RSRG Roberto Santucho Revolutionary Group
Dominican Republic:
LB La Banda (Vigilante)
MPD Movimiento Popular Dominico (Dominican Popular Movement)
A-1 IT 0468
El Salvador:
ERP Ejercito
Revolucionario del Pueblo (People's Revolutionary Army)
FAPU Frente de Accion Popular Unificado (United Popular Action Front)
FARN Fuerzas Armadas de Resistencia Nacional (Armed Forces of National Resistance)
FDER Democratic Revolutionary Front
FPL Fuerzas Populares de Liberacion Farabunda Marti (Farabundi Marti Popular Forces of
Liberation)

UGB Union Guerrera Blanca (White Fighting Union) (Right Wing Extremist)
WWU White Warrior Union (Right Wing)

Guatemala:
EGP Ejercito Guerrillero de los Pobres (Guerrilla Army of the Poor)
FAA Armed Action Army (Right Wing)
MLN National Liberation Movement
MPR People's Revolutionary Movement
MR-13 Movimiento Revolucionario Alejandro de Leon 13 Noviembre (Revolutionary
Movement Alejandro de Leon November 13)

NCG Guatemala National Commando


OPO WG Eye for Eye White Brotherhood (Right Wing)
Z Group Z (Fascist)

Haiti:
CNLB Coalition of national Liberation Brigades

Honduras:
MAR Armed Revolutionary Movement
MPL Movimiento de Liberacion Popular (Popular Liberation Movement)
MPLC Movimiento de Liberacio Popular Cinchonero (Cinchonero Popular Liberation
IT 0468 A-2
Movement)
VEN Venceremos Organization (Terrorist Support)

Mexico:
ACNR Associacion Civica Nacional Revolucionaria (National Revolutionary Civic Association)
BB Brigade Blanca (Right Wing)
ELP People's Revolutionary Army
ERPM Mexican People's Revolutionary Army
FRAP Fuerzas Revolucionarias Armadas del Pueblo (People's Revolutionary Armed Forces)
LCA Liga Comunista Armada (Armed Commnist League)
LCS-23 Liga Comunista 23 Septiembre (23rd September Communist League)
OLC Lucio Cabanas Organization

Nicaragua:
ARD Democratic Revolutionary Alliance
SC Sandinistas (Contras)

Panama:
IU Indio Uno

Paraguay:

Movement Popular Colorado Movement (Armed Faction)


DEP Military Political Organization (Right Wing)

Peru:
AAP Peruvian Anti-Communist Alliance
CO Condor
MANO Armed Nationalist Movement Organization
MIR Movimiento de la Izquierda Revolucionaria (Movement of the Revolutionary Left)
SL Sendero Luminosa (Shining Path)

A-1 IT 0468
Uruguay:
AMS Militant Socialist Group
GAU United Action Group
MLN Movimiento de Liberacion Nacional (National Liberation Movement) (Tupamaros)
OPR-23 Popular Revolutionary Organization 23
Venezuela:

GAS American Silva Group


GL Red Flag Group
EUROPE
Belgium:
CCC Communist Combatant Cells
JLB Julian Lahout Brigade
Federal Republic of Germany:
RAF Rote Armee Fraktion (Red Army Faction) (Formerly known as the Bader/Meinhoff Group)
RZ Revolutionare Zallon (Revolutionary Cells)
Wehrspotgruppe Hoffman (Defense Sports Group Hoffman) (Neo-Nazi)

France:
AD Action Directe (Direct Action Group)
LARF Lebanese Armed Revolutionary Faction
NO New Order (Extreme Right Wing)
RSB Raul Sandic Brigade

Greece:
ELA Epanastatikos Laikos Agonas (People's Revolutionary Struggle)
RA Revolutionary Action
N-17 November 17th Revolutionary Organization (Left-wing)
DEV-SOL (Left-Wing)
IT 0468 A-2
Italy:
ACN Armed Communist Nuclei
AO Autonomous Workers
BR Brigate Rosse (Red Brigades)
NAR Nuclei Armati Rivoluzionari (Armed Revolutionary Nuclei) (Neo-Fascist)
ON Ordine Nero (Black Order) (Fascist)

Netherlands:
RH Rode Hulp (Red Help)
RMS South Moluccan Freedom Federation

Portugal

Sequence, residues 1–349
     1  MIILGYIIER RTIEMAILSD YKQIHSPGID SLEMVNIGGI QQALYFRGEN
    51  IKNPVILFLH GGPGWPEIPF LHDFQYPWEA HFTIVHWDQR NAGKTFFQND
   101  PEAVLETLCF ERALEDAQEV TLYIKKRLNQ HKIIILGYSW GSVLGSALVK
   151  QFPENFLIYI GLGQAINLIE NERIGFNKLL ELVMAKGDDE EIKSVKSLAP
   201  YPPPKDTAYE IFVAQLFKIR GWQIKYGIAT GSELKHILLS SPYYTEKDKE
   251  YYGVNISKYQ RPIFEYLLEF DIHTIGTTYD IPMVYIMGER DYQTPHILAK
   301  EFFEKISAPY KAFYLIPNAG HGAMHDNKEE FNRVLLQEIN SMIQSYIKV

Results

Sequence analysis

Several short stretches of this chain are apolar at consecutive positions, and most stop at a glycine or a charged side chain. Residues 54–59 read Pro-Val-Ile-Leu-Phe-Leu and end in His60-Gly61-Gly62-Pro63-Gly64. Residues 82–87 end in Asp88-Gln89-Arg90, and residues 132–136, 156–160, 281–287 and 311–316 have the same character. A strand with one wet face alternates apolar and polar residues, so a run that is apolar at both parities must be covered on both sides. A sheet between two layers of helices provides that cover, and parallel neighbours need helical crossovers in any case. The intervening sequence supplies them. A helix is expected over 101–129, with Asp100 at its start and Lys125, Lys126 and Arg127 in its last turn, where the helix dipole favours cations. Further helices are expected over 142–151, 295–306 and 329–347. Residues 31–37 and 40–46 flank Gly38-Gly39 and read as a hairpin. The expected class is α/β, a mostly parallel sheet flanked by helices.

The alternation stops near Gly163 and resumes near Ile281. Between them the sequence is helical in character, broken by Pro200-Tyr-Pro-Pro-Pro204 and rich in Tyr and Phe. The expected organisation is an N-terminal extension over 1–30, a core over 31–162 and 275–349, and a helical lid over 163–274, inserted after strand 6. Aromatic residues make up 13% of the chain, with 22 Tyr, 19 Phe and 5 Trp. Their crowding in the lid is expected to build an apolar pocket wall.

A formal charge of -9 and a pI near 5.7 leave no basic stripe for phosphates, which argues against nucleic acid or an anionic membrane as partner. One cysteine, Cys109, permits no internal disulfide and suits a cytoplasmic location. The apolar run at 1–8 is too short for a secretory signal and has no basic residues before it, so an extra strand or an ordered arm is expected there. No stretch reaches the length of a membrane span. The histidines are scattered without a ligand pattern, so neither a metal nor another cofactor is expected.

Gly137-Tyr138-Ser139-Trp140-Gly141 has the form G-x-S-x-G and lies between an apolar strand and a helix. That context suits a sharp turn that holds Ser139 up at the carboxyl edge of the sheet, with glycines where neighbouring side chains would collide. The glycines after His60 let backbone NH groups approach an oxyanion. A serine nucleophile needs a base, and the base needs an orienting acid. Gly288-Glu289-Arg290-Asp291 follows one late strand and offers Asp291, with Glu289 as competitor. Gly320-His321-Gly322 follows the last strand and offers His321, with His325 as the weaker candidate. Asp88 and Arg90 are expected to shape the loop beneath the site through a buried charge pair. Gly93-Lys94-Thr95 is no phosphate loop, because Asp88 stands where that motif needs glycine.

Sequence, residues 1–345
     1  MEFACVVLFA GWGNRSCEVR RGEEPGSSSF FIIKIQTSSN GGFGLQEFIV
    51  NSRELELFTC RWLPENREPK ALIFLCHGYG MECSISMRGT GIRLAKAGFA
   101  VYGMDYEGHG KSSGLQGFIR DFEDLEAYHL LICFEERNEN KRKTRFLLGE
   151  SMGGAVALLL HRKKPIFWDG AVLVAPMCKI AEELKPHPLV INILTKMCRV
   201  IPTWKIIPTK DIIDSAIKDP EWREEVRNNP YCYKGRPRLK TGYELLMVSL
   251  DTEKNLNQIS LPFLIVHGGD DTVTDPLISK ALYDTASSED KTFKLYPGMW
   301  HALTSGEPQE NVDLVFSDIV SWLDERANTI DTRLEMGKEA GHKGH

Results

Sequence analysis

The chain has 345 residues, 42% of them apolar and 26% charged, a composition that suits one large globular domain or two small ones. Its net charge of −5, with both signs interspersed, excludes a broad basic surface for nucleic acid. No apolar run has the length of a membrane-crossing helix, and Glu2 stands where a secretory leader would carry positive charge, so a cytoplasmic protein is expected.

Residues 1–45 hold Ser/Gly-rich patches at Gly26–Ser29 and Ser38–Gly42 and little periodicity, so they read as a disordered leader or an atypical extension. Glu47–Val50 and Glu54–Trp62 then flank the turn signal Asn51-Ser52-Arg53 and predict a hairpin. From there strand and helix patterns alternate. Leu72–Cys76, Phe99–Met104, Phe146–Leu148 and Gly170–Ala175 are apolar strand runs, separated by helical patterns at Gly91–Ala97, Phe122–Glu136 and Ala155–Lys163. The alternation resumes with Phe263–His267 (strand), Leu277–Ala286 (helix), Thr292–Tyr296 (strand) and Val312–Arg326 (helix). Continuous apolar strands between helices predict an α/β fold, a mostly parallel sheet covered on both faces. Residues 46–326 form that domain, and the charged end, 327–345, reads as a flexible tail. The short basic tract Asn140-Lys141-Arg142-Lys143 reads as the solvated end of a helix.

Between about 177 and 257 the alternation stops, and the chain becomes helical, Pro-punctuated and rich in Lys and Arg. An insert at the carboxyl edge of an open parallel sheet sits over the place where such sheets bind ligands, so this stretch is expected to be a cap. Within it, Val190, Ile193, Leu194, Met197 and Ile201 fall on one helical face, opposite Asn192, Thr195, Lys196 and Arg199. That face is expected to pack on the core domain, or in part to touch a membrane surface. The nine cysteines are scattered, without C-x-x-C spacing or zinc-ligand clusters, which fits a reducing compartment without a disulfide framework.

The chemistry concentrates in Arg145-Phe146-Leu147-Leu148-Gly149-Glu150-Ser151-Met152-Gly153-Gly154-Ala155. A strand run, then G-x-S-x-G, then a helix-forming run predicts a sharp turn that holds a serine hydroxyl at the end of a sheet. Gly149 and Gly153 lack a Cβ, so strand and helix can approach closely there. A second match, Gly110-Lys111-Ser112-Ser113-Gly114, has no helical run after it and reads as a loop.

CDEC Commando for the Defense of Civilians (Neo-Fascist)
ELP Exercito de Liberacao Portugues (Portuguese Liberation Army)
FP-25 Forcas Populares do 25 Abril (Popular Forces 25 April) (Trotskyite)
PACM Portuguese Anticommunist Movement (Counterterror)

Spain:
ETA Euskadi ta Askatasuna (Freedom for he Basque Homeland)
FN Fuerza Nueva (New Force) (Neo-Fascist)
FRAP Frente Revolucionario Antifascista y Patriotico (Anti-Fascist and Patriotic Revolutionary
Front)

GRAPO Grupo de Resistencia Anifascista de Primero de Octubre (lst of October Anti-Fascist


Resistance Group)

NIG Nationalist Intervention Group (Right Wing)

Switzerland:
JCAG Justice Commando of the Armenian Genocide LBJ Les Beliers De Jura (Marxist)
PKC Petra Klaus Commando (International)

A-1 IT 0468
Turkey:
BKT Bozkurtler (Grey Wolves) (Right Wing)
DEV GENC Revolutionary Youth Federation
DEV SOL Revolutionary Left
DEV YOL Revolutionary Army
MLAPU Marksist Leninist Propaganda Silahli Birligi (Marxist-Leninist Armed Propaganda unit)
TIC Turkish Idealist Club (Right Wing)
TLPA Turk Halk Kurtulus Ordusu (Turkish People's Liberation Army)

United Kingdom:
AB The Angry Brigade
AG Army of the Gael (Right Wing)
C88 Column 88 (Neo-Fascist)
INLA Irish National Liberation Army (Marxist)
IRA Irish Republican Army
IRA(P) Provisional Irish Republican Army
UDA Ulster Defense Association (Right Wing)
UDR Ulster Defense Regiment (Right Wing)

Middle East/Africa

Afghanistan:
AIS Afghan Islamic Society (Religious Fundamentalists)
ANLF Afghan National Liberation Front
IALA Islamic Allegiance for Liberation of Afghanistan

Algeria:
OPR Organization of Popular Resistance (Right Wing)
ULFNA United Liberation Front of the New Algeria

IT 0468 A-2
Angola:
NUTLA National Union for Total Liberation of Angola
MPLA Movimento Popular para a L'bertacao de Angola (Popular Movement for Liberation of
Angola)

Egypt
AJ-AJ AI Jiahd-AI Jiahd (Radical Islamic)
ATWH Altakfir Waal Hijra (Moslem Brotherhood Faction)

Ethiopia:
ELF Eritrean Liberation Front (Separatist)
KLF Kurdish Liberation Front
MEK Mujahdin El Khalk (People's Strugglers)
OLF Oromo Liberation Front (Somali backed)
PLF Popular Liberation Forces (Monarchist)
TPLF Tigre People's Liberation Front Iraq
Iraq:
IMIA Iraqi Movement for Islamic Action
KRP Kirdish Revolutionary Organization
ALF Arab Liberation Front

Israel:
PLO Palestine Liberation Organization (Arab)
WOG Wrath of God (Counterterrorist terrorist)

Jordan:
JNLM Jordanian National Liberation Movement

Lebanon:
AJM Al Jihad Mugadis AMAL Shiite Movement